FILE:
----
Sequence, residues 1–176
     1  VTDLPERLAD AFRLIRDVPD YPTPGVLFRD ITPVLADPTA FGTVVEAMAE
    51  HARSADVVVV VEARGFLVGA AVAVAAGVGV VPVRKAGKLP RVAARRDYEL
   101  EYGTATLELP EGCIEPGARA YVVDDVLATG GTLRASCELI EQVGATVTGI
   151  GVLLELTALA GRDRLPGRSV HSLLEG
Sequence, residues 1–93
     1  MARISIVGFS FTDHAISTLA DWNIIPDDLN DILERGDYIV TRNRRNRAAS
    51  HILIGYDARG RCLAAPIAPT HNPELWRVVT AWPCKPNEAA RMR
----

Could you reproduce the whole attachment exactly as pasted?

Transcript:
Sequence, residues 1–176
     1  VTDLPERLAD AFRLIRDVPD YPTPGVLFRD ITPVLADPTA FGTVVEAMAE
    51  HARSADVVVV VEARGFLVGA AVAVAAGVGV VPVRKAGKLP RVAARRDYEL
   101  EYGTATLELP EGCIEPGARA YVVDDVLATG GTLRASCELI EQVGATVTGI
   151  GVLLELTALA GRDRLPGRSV HSLLEG
Sequence, residues 1–93
     1  MARISIVGFS FTDHAISTLA DWNIIPDDLN DILERGDYIV TRNRRNRAAS
    51  HILIGYDARG RCLAAPIAPT HNPELWRVVT AWPCKPNEAA RMR